03 - house siding

Choosing the Right Siding: Stucco VS Hardie

Homes exist in various shapes and sizes, and the siding used on them varies substantially. Vinyl, wood, Hardie board, and stucco are popular options, but figuring out which is ideal for you is more complicated than most people imagine.

A house’s siding is vital for both aesthetics and security. Additionally, the material you choose has a big influence. Consequently, before settling on a siding material, consider the Stucco vs. Hardie Siding dispute carefully. You could choose Hardie siding or stucco, but deciding between the two takes a lot of work. A variety of elements influence it, including your budget, the weather, and so on.

This post will explain the distinctions between Hardie siding and stucco siding for your home.


“What exactly is stucco?” many people question. Stucco is a sand, concrete, lime, and water mixture often used in coatings over intricate workmanship. Stucco is affordable owing to the low cost of the materials required; nonetheless, it often requires expert installation. The layering process may be time-consuming, which will increase the final cost.

Even though it may mentally deteriorate with time, stucco offers good weather protection against rain and snow. It’s also not energy efficient; plain stucco has an R-value of around 0.20. However, like with most other choices, it works best with additional protection and proper installation from stucco contractors in Edison, NJ.

A professional can assist you in determining which stucco is best. In terms of style, stucco siding is quite adaptable. Various tones may be used in the content, arranged in patterns and whirls. Since it was mostly promoted in the 1980s, it may need to be updated for specific customers.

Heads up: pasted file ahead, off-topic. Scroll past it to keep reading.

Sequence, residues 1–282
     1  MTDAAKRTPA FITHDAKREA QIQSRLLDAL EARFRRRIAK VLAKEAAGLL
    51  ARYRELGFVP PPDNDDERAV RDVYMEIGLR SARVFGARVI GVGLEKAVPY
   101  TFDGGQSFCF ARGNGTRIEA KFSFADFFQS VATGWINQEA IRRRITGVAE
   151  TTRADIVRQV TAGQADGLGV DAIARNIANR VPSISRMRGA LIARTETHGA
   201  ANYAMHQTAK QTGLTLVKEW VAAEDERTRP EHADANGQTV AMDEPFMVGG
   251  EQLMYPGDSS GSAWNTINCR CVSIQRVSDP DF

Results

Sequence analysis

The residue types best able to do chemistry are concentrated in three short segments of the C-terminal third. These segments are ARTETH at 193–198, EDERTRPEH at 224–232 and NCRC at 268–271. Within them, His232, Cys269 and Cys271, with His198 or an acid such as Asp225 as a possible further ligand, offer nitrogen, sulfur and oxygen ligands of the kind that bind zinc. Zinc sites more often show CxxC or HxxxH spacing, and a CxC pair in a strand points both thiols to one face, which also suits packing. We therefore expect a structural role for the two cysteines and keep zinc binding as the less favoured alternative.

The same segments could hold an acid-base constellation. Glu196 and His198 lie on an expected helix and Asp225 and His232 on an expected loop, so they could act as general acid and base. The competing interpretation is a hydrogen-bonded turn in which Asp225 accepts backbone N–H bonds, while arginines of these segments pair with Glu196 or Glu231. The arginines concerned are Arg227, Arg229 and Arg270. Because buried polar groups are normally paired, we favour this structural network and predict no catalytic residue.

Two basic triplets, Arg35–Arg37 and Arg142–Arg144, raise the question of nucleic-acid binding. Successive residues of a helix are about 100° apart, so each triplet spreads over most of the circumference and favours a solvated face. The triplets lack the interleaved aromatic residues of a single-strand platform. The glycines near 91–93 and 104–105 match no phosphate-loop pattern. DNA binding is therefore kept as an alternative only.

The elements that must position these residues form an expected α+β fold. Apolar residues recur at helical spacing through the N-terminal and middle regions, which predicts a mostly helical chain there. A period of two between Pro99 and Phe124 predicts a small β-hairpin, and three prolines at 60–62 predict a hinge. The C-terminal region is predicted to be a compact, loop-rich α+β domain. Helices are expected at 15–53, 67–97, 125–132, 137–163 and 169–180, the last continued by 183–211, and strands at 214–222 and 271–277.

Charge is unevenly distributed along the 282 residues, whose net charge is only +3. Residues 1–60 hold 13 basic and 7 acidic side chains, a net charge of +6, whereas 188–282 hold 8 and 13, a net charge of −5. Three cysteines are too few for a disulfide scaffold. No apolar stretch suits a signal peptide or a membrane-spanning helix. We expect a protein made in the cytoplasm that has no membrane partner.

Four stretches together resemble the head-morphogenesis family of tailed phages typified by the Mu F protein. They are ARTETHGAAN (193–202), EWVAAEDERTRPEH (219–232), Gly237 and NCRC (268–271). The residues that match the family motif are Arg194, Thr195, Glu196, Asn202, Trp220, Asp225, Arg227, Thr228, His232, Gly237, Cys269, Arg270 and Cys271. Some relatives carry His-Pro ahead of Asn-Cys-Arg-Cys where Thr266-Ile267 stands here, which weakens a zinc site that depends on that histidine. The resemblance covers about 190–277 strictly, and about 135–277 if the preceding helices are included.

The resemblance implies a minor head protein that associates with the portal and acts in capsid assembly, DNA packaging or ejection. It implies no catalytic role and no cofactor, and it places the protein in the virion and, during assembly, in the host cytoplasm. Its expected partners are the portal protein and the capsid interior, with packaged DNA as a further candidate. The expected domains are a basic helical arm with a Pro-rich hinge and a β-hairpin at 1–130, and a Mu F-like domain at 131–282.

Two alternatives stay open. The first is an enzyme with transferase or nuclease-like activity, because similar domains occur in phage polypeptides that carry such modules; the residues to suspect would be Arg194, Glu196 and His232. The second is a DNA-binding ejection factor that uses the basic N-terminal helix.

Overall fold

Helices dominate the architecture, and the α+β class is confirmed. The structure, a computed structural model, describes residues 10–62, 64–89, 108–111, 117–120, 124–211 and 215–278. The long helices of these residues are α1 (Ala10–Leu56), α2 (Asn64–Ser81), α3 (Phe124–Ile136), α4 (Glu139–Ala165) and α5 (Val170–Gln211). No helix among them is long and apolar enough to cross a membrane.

If you want a proper installation, check online for “who does stucco work near me,” you will be offered many options.


The development of fiber concrete products in the 1980s spurred the creation of fiber concrete sheets, also known as Hardie boards.

Fiber concrete incorporates 8 to 10% wood fiber and either fly ash or silica sand, providing solidity to the product and enabling it to dry flexibly, similar to manufactured stucco. Hardie board is durable and requires little upkeep.

It is available in many exterior siding structures, including:

  • Lap siding
  • Long sheets
  • Vertical board and secure
  • Shingles

This versatile board has a difficult-to-coordinate hallmark — pests, such as termites, dislike and cannot harm it, and Hardie board is water-safe. When comparing the expense of Hardie’s board to stucco, it is much simpler to justify Hardie’s investment.


Hardie board is as dependable and long-lasting as stucco. is unaffected by humidity or temperature changes. Hardie siding materials are molded, giving clients the option of a range of surface options that mimic wood, brick, or stucco.

Another remarkable feature of fiber concrete is its ability to be sprayed or repainted using acid paint to clean it up or alter the color.

Despite having the same hardness and durability as Hardie board, stucco is vulnerable to moisture and insect damage.

When deciding between Hardie Board and stucco, keep your home’s location in mind. Although stucco works well in dry conditions, excessive stickiness or precipitation may cause deterioration of a stucco exterior. Stucco takes more maintenance than Hardie board materials, and painting stucco demonstrates a large surface ready.

Both fire-resistant stucco and Hardie load-up slow the spread of fire from the outside by around 60 minutes, providing inhabitants time to leave.